Saturday, January 1, 2011

More than just recycling

I used to be a get-the-Christmas-prep-finished-far-in-advance person, but now I work as a laborer instead of in an office, and my Christmas bonus usually comes in small bursts from generous clients rather than all at once from the publisher or senior shareholder.

So now I am among the ranks of the last-minute Christmas people, and I found myself shopping for elements of our Christmas dinner on Christmas eve with everyone in Portland. I learned two very important things:

1. Ancho Chile powder is VERY HARD to find up here. New Seasons stocks it in the "kooky international" section, but only in the little cellophane baggies on the ends of the isles, and it's sort of hit-and-miss. Some locations have it, some don't. I forget how spoiled we were in Colorado, and how even in the tiny food stamp Safeway downtown one could find tortilla baskets and about seven different kinds of chiles, powdered and whole. To say nothing of the Mexican grocery stores with fresh tortillas, tamales, etc. I'm sure there are Mexican Grocery stores here but 4pm on Christmas Eve is not the time to find them, and our glorious pork roast had to be made with a generic "Chili Powder". It was fine. It will be made with the proper chile next time. I should petition for the addition of Ancho Chile Powder in the spices at People's. It may be there, it was just WAY too busy to check that night.

2. Similarly: track down your baguettes ahead of time. The three different stores I checked (including the bakery!) were out of baguettes or any comparable crusty artisan loaf, which really would have made the melty mushroom's broth and the cheese-and-salami Christmas Eve platter. Next year I'll just do what I should have done anyway: make it at home.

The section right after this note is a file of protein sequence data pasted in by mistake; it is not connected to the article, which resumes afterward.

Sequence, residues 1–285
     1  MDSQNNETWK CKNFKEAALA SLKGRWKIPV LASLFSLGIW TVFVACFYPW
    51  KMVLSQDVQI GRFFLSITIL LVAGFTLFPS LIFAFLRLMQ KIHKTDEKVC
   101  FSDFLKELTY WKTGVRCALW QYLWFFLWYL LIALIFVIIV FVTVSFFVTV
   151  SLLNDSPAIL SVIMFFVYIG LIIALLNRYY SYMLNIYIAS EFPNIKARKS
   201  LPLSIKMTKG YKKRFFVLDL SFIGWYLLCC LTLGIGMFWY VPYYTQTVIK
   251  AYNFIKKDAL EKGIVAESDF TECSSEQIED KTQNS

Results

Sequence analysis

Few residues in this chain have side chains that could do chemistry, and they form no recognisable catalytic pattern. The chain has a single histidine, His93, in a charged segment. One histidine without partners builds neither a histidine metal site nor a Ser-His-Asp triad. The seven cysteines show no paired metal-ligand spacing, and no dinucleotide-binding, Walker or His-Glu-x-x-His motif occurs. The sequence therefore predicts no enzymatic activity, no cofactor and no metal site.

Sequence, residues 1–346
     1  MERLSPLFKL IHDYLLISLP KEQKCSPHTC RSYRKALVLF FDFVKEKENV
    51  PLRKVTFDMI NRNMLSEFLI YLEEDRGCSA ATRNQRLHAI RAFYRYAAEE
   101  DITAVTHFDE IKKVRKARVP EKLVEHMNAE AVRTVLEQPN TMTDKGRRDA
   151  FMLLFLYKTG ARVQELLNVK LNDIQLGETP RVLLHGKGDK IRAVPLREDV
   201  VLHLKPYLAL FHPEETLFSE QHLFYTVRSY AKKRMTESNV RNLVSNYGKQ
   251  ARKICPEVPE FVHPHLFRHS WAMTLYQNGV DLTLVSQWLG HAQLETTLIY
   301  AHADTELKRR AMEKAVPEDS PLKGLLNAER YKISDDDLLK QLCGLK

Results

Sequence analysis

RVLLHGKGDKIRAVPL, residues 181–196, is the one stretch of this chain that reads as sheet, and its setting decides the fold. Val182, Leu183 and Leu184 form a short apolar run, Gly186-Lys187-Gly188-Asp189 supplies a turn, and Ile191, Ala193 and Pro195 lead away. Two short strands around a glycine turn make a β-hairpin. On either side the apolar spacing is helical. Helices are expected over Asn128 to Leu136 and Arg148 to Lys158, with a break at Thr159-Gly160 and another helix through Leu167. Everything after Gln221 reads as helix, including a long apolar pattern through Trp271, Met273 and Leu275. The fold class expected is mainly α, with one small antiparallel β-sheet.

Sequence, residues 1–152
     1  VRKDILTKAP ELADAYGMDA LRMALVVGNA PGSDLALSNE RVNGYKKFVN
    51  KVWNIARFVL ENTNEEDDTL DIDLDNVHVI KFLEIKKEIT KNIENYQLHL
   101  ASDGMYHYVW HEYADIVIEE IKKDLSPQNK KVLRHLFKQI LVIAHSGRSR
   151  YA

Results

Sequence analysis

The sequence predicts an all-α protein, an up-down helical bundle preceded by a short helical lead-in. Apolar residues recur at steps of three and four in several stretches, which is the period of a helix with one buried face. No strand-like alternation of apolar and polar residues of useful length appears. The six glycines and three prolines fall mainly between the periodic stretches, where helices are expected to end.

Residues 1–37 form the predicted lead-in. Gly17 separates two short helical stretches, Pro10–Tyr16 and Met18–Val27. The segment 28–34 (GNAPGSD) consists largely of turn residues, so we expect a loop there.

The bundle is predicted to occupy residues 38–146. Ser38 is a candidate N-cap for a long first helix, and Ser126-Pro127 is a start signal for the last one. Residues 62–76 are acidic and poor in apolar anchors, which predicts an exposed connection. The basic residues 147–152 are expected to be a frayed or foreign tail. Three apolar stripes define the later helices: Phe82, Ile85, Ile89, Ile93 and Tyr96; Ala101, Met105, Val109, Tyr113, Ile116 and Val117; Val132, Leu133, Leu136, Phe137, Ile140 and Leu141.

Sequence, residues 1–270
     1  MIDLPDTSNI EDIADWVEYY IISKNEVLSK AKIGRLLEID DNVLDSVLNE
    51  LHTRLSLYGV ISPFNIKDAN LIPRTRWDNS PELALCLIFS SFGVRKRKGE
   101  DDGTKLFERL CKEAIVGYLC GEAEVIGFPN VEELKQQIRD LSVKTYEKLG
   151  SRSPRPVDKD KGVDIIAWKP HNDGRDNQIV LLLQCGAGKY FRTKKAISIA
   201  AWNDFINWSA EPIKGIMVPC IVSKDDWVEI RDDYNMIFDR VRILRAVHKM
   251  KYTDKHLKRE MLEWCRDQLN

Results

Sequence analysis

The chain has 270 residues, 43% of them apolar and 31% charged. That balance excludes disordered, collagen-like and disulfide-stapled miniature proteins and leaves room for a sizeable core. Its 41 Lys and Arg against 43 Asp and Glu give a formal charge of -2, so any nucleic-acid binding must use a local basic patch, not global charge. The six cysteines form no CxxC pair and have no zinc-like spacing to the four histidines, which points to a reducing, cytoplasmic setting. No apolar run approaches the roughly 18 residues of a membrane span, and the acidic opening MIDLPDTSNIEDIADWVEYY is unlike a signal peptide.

1. Find a good Mexican grocery store. Get to know the butcher.

2. Be a little bit more mindful of time cycles and celebrate the new much more consciously. I got a little off-kilter last year when my focus mostly revolved around knee-healing. Between that and finally getting the budget/spending rhythms figured out -- both in terms of a.) How We Consume and b.) Incidental Life Changes (like having to be a last minute Christmas-person instead of a planner) -- the anticipation aspect of what makes life interesting sort of got lost in the shuffle, and time suddenly started to fly by at the rate I used to hear adults lamenting about. And that won't do.

I'll slow time back down to normal speed by looking forward to things again, celebrating the small things as I did last spring when my new knee learned to walk. There were really magical elements to that time, so I'll take the best and leave the rest.

2a. Similarly: I want to get back in the habit of meditating.

3. (2b.) I need to re-establish the daily routine in general, incorporating a daily walk, gardening time, weekly project cooking and what not. What I have now is workable but I find I am back to ending the day with wishing I had done something I hadn't.

I need to also get this routine to include Anthony, since by the middle of next year (Lord willing, weather permitting) I'll no longer live as a bachelor half of the time.

4. Continue the culling of books, music, clothes. I did very well last year, and I think I deprogrammed a lot of my old consuming habits very well. I think I can do even better this year.